The explosive growth in Brazil’s economy over the last decade has produced an insatiable demand for pirated and smuggled goods, and organized crime is reaping the benefit.
Brazil’s federal revenue service reports seizing $812 million worth of illegal consumer goods at airports, seaports, and border crossings in 2011, up 16 percent from 2010. The trend has been rising for several years; a February 2011 report by the National Council to Combat Piracy and Crimes against Intellectual Property (CNCP) showed a three-fold increase in seizures of false, smuggled, and pirated products from 2004 to 2010.
In many cases, counterfeit goods enter Brazil via Paraguay’s Tri-Border Area, a hub of illicit activity, including drugs and weapons trafficking. Smugglers source from a large variety of locations, as far away as China. Once goods are inside Brazil, they are distributed by criminal networks that sometimes span the country.
The smugglers and counterfeiters are driven by Brazil’s booming domestic market, which is hungry for cheaper goods than Brazil’s stiff tariffs and high taxes allow. The Doing Business Project, a subsidiary of the World Bank Group, estimated Brazil’s tax rate to be 67.1 percent of profit, compared to 46.7 percent for the United States. The high tax burden on Brazilian businesses is passed on to consumers, who must also contend with the high tariffs on imported products like electronics and automobiles. This encourages consumers to buy in the informal sector, where goods are cheaper.
In a 2010 survey of Brazilian consumers, conducted by the Rio de Janeiro State Commerce Federation, of the 52 percent of consumers who had not purchased a pirated good that year, only four percent cited fear of prosecution. Of those 48 percent who had, the overwhelming majority (94 percent) said lower prices drove them to buy counterfeits.
The trade in pirated and smuggled goods feeds other types of organized crime in Brazil. According to the CNCP’s 2011 report “the route used by smugglers who traffic pirated products in Brazilian territory is the same used by other criminals to move their products.” The report also notes that up to 20 percent of seizures of pirated or smuggled goods also brought in drugs, guns, or ammunition. This points to links between organized crime and piracy in Brazil, suggesting that the same groups who traffic drugs and arms may also be involved in trafficking contraband goods.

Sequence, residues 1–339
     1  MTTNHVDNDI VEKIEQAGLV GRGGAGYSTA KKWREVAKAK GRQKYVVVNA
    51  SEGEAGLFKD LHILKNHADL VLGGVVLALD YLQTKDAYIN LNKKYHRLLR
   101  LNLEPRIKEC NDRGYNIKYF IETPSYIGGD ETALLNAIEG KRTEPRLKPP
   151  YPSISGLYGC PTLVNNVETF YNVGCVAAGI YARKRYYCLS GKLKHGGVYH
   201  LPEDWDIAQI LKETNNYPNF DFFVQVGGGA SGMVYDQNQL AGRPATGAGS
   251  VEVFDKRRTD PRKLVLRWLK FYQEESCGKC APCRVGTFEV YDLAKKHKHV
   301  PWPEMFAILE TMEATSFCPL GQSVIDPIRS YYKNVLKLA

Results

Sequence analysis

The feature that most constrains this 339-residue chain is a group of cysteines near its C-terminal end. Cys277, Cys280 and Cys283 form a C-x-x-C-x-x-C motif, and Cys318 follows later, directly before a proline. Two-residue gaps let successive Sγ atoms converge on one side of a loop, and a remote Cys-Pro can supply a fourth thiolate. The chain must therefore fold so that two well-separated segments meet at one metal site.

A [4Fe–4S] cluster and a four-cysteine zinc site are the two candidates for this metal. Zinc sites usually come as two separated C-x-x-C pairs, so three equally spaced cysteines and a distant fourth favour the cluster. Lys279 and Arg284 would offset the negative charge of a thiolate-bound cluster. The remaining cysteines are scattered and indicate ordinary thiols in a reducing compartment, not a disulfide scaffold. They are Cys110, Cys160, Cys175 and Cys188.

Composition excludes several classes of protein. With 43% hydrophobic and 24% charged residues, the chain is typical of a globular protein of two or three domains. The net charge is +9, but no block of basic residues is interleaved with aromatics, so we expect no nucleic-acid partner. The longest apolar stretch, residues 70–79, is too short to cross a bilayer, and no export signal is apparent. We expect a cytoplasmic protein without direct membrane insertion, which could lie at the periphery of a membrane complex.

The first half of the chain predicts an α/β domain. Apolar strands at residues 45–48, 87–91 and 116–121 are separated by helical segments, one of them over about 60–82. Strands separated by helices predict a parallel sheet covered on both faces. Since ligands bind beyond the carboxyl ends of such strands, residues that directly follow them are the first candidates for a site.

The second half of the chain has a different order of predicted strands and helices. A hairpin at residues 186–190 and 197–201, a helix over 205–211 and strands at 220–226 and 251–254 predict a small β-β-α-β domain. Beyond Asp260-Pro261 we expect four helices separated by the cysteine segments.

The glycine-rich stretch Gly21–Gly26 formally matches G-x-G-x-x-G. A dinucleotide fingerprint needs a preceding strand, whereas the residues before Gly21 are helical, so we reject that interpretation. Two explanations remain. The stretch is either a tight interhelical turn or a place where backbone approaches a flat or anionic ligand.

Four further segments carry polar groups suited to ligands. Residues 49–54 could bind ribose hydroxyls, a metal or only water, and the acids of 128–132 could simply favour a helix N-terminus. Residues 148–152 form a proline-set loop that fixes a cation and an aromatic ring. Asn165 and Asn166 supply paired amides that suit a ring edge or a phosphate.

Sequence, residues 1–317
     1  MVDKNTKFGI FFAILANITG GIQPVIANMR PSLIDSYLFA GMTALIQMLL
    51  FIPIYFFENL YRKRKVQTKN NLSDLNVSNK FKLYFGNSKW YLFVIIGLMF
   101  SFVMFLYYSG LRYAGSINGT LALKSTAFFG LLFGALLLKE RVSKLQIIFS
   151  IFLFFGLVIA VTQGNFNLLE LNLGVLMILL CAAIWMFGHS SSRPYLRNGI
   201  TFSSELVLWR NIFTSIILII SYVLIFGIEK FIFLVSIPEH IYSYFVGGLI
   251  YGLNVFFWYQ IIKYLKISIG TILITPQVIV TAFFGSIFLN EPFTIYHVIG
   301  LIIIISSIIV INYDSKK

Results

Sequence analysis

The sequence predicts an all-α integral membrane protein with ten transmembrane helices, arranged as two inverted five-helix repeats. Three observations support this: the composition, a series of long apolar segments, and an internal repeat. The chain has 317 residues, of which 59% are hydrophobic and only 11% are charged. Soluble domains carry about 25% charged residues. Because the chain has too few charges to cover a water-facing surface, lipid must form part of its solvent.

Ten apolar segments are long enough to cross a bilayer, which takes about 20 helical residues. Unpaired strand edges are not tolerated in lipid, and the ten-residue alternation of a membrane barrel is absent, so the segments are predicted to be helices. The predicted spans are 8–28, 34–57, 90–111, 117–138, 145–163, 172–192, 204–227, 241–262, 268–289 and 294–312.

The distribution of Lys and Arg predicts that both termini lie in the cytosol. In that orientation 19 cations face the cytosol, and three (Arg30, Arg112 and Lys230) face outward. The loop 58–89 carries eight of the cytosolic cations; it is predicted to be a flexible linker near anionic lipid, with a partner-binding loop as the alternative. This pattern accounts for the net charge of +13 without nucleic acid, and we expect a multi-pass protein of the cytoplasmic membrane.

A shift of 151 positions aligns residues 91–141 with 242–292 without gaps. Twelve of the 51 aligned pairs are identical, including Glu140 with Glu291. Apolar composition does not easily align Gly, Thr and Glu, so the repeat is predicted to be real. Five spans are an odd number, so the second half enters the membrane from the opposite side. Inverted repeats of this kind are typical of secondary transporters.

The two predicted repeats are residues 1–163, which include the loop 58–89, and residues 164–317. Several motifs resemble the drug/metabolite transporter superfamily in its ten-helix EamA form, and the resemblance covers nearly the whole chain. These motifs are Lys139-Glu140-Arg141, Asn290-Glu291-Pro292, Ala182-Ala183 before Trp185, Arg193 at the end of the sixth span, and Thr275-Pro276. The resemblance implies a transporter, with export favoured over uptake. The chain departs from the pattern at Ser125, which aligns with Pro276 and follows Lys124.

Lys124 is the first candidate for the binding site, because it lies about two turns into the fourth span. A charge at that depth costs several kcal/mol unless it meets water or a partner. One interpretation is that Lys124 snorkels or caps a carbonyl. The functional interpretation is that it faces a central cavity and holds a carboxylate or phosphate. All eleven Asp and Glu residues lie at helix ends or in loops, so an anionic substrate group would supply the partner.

Roberval Ferreira França, a military police colonel, has said that counterfeiting networks in São Paulo state are directly linked with smuggling and drug trafficking, as the Bom Dia Network reports. Rafael Thomaz Favetti, then-president of the CNCP, said in August 2010 that piracy was controlled by organized crime, according to a report by Agencia Brasil.
There is evidence that many smugglers have penetrated the very authorities hunting them. Weeks ago, federal police, arrested five employees of the Revenue Service, along with 15 others, who, together, had been running an international illegal import ring with hubs in at least three different states. The Revenue Service estimated the smuggling ring was responsible for more than $50 million in illegal imports.
In another example of corruption aiding smuggling, authorities in Pernambuco arrested a councilman and four police officers for accepting bribes to allow the safe passage of pirated goods. The five were on an anti-piracy squad. The year-long investigation, in which police also found drugs, weapons, and US and European currency, involved 125 law enforcement agents. The manpower necessary to dismantle a smuggling ring of no more than five people illustrates the difficulty in tackling piracy in Brazil. A study by the Brazil-US Business Council estimated the value of Brazil’s black market of consumer goods at more than $20 billon. This means the port, airport, and border operations of the Federal Revenue Service, the largest source of apprehensions, disrupted less than 5 percent of pirated goods last year.